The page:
SPTDD: SharePoint and Test Driven Development, Part Two
Since I released Part One of this series into the wild there have been many heated discussions around SharePoint and Test Driven Development. As always, Andrew Woodward has a great deal to say on the subject; in fact, we recorded a SharePoint Podshow on this very subject at the European Best Practices conference (and traded a few well-meaning jabs during his presentation). During the discussion we came to the conclusion that there are some fundamental software development processes lacking in most custom development projects and that TDD, while we may disagree on its overall value within the quality assurance lifecycle, plays an important role in helping to improve the overall quality of custom software.
Recently, fellow SharePoint MVP Sahil Malik authored a post in which he dismisses TDD as having little to no value in SharePoint development projects. He summarized with the following quote: "So, TDD + SharePoint 2007? Well – screw it! Not worth it IMO". As usual, Sahil is nothing if not incendiary, but his basic premise is that the actual amount of code written for the average SharePoint project doesn’t warrant the overhead of a structured development process (he just happened to choose TDD in this instance). When considered from that perspective, I find myself in total disagreement with Sahil and in nearly complete agreement with Andrew’s post in response (which might come as a surprise to some readers). Put simply, Andrew argues that any form of unit testing, whether it be TDD or something else, is better than nothing – and I concur.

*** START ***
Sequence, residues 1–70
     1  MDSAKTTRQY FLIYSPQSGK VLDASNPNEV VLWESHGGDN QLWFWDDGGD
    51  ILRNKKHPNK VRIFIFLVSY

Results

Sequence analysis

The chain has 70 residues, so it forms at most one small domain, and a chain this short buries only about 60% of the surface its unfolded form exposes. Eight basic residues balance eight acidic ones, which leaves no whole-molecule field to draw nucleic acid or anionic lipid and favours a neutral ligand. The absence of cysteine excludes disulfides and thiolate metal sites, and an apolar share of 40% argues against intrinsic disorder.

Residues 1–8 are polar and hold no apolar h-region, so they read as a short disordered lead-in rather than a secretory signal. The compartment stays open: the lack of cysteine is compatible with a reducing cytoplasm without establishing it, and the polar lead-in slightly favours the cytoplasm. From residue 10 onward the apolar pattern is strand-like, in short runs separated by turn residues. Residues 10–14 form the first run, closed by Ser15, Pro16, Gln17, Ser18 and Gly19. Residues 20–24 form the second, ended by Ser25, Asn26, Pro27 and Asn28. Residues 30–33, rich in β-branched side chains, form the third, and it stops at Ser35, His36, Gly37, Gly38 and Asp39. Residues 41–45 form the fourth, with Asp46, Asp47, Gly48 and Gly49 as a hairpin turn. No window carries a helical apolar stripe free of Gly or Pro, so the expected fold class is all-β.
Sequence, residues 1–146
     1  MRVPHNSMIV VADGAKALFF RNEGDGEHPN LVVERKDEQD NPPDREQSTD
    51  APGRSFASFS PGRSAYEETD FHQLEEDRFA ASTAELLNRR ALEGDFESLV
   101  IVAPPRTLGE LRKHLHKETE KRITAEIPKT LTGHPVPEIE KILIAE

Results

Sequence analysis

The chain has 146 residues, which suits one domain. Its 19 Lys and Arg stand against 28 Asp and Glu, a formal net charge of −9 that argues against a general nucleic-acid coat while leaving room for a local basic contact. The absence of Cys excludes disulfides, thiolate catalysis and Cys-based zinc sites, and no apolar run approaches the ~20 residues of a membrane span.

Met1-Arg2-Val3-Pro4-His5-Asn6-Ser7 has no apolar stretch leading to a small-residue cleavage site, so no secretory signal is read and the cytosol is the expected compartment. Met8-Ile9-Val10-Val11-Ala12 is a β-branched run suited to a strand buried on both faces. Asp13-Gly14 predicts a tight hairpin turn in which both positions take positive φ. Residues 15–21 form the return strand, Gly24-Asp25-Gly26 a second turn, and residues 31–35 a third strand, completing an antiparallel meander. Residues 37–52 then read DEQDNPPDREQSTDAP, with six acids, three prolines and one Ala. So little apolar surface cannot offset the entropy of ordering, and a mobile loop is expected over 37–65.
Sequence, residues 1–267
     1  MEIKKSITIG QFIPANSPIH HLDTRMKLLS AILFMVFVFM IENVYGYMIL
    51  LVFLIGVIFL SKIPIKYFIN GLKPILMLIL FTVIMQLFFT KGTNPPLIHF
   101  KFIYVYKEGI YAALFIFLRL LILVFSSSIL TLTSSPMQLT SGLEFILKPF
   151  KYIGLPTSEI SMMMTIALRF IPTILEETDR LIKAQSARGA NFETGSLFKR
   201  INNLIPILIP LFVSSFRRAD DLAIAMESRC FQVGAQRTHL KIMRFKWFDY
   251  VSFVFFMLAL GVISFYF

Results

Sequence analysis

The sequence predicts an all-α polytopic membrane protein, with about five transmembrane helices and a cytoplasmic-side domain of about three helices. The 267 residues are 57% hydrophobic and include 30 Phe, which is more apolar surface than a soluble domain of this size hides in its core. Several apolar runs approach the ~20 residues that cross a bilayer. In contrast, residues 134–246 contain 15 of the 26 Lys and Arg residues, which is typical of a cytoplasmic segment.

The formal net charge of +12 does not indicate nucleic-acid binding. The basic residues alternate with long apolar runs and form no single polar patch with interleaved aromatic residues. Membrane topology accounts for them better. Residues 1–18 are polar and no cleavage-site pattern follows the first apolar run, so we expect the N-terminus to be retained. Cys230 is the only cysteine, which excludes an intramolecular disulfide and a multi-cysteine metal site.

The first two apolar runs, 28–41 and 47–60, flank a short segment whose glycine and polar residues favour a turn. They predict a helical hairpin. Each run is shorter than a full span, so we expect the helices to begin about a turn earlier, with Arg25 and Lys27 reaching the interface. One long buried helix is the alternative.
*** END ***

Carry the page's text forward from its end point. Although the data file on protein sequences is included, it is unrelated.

I also take issue with the basis of Sahil’s post; namely, that the amount of code written for any particular SharePoint project is comparatively small. I can produce two project plans for engagements we completed in the last year which demonstrate the exact opposite; in fact, the number of programming hours was greater than all other tasks combined by a factor of nearly 5. Why? Because we focus on building line of business applications on the SharePoint platform and not simply installing the product and whipping up a few web parts. It’s all a matter of perspective; it pains me when people make blanket statements about SharePoint who have never worked on a project outside of their little bubble. Everyone does something different with the product based on their area of expertise, which is one reason why governance is such a tricky thing to implement; one man’s intranet solution is another woman’s public facing media site and never the twain shall meet. Saying that code is a small part of most SharePoint products is ludicrous – just because it’s a small part of your work doesn’t mean it’s a small part of mine.
Getting back to the original point, if we alter the question from "Is TDD worth it?" to "Is Unit testing worth it?", I believe we arrive at an altogether different conclusion (assuming, of course, that you’re not a drone who thinks TDD and unit testing are the same thing – see my previous article). If one is truly interested in producing quality code then one MUST perform some level of Unit testing in order to insure atomic validation of compiled production code. Notice that I have never once taken issue with unit testing; in fact, I call it out as the first item in my Quality Assurance Lifecycle chain because that is where it belongs. I am a big proponent of unit testing and believe it should be included, as much as is practicable, in every development project. My issues are with TDD (and its adherents) not with the basic tenets of unit testing, which simply stipulate that all classes and methods must pass some sort of granular test case before being released to the next phase of the cycle. B-I-G difference.